Yeezys for everyone
I think it is already safe to say it has been a career year for Kanye West and his Yeezy brand with 2019 being his most active in terms of drops. In 2017, Kanye West promised “Yeezys for everyone”. Two years on and his vision is really beginning to come to fruition. What this has meant for the consumer is that we are seeing more and more additions to the Yeezy catalogue. The majority of this being focused on the brand’s three most popular silhouettes; the Yeezy 350, 500 and 700. What this has meant is that the creative efforts have been channelled more into colour than shape. Meaning we have been braced with a wide variety of Yeezy colourways of late.
You might think that this is a good thing, choice is always a nice thing to have, right? Well it has been suggested of late that perhaps the Yeezy colourways in some instances are increasingly similar. Recently, during an interview with Forbes, we got an insight into the in-depth creative process that comes prior to every release from the Yeezy brand. With Kanye West showcasing a huge collection of prototypes that didn’t quite make it to the shelves, or are yet to make it to the shelves.
The most striking thing from observing them visually, were the sheer variety of colours that are clearly tested before arriving on an end product. The collection looked like a colour wheel of pastel and earthy tones, typical of West’s distinctive design language. So, it got me thinking, and I began to pose the question: Why is it with such variety in the design stage, do we end up on release day with shoes that are so increasingly similar?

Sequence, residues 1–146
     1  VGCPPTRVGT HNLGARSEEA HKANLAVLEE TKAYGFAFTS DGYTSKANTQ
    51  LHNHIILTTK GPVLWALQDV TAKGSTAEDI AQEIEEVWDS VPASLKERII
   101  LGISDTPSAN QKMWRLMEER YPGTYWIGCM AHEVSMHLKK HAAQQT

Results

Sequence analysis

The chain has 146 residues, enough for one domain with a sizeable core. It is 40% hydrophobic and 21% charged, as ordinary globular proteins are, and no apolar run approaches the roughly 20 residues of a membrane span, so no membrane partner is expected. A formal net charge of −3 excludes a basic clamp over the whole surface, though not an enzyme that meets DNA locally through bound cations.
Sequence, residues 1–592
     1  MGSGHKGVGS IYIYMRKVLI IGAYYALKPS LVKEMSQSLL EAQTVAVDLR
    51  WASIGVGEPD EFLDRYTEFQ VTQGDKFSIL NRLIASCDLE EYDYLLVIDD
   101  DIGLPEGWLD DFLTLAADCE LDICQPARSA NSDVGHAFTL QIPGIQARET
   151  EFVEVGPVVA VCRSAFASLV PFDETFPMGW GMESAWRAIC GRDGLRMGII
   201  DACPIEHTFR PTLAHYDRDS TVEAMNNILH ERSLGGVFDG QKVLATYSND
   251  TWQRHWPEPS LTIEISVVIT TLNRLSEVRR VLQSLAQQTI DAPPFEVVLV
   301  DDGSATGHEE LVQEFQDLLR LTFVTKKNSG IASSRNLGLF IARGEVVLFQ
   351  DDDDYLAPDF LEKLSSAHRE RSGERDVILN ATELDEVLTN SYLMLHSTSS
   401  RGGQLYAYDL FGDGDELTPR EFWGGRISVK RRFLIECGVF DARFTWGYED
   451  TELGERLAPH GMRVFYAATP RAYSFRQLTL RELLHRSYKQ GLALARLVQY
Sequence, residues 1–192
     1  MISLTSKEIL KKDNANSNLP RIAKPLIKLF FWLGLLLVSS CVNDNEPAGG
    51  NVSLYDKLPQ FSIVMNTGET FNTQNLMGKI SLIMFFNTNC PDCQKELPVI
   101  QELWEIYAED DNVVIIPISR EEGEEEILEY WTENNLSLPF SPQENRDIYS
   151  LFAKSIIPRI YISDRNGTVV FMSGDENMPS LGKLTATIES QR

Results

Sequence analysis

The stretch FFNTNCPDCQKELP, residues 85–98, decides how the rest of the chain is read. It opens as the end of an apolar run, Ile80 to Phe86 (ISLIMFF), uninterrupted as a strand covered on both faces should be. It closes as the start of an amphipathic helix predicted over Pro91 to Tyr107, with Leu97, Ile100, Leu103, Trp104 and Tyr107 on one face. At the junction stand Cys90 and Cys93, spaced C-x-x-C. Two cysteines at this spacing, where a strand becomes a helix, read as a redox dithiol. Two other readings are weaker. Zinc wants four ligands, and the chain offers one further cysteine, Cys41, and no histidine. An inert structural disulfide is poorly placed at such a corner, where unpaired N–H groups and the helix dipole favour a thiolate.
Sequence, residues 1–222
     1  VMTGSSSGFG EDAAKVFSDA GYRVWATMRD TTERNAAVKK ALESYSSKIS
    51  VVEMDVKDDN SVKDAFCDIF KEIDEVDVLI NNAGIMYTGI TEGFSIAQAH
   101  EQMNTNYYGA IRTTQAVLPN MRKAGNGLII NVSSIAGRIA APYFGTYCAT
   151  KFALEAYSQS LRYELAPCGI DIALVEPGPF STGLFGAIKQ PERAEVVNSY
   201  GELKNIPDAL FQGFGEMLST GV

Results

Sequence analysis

Do some Yeezy colourways look too similar?
When I talk about Yeezy colourways looking the same, of course it is a bit of a generalisation, but hear me out. I have some pretty glaring examples of exactly what I am talking about. The Yeezy Boost 500, until 2019, had kept it simple, releasing an initial trio of colourways; Utility Black, Blush and Super Moon Yellow, which aesthetically translated as a black, light taupe tinge, and pastel yellow/sand colour respectively. All clearly identifiable from one another.
Things began to get a little more hazy, however, when the Yeezy 500 Salt dropped early in 2019. Arriving in a light grey tone with a sort of faint almost green accent, the similarities between the Blush and Salt were sort of apparent. Yet they were different enough to justify both being on the market. Alarm bells really began to ring when the latest addition to the Yeezy 500 product line, the Yeezy 500 Bone White was released. Aesthetically describes as an “Off-White” tone the colourway completes a trio of essentially grey-ish Yeezy 500 models.
This is clearly by design. As I don’t think you could describe Kanye West as lazy in his process, in fact, he’s quite the opposite. So it really does bode the question, why make them so similar? And not to mention with other colourways on the horizon with names like ‘Soft Vision’ and more worryingly ‘Stone’. It really does make you wonder whether this is going to continue.
Other examples of similar looking Yeezy colourways
Obviously, in some cases its clear that the Yeezy colourways are deliberately similar. In the case of some designs like the Inertia – which originally arrived on the Yeezy 700 silhouette – has been rumoured to be dropping on the updated v2 silhouette. Naturally these will be incredibly similar, but as they are presented on different models the differences are clear to see. In the case of some of the older Yeezy 350’s however, they fall foul of the same issues the trio of Yeezy 500s do. The Moonrock, Oxford Tan, and Sesame colourways for the Yeezy Boost 350 share a similarly executed trio of earth palettes, with only slight differences between the them.
I think what it boils down to with all of Kanye West design choices aesthetically is the sense of detail. I’m sure Kanye West will look at each of his designs and tell you exactly how different they are. The devil is, after all, in the details. Each model may on the face of it look similar, but it is important to note, never the same. His signature earth tones and pastel highlights only exaggerate his portfolio’s strength as a whole. Something that should be marvelled not criticised.
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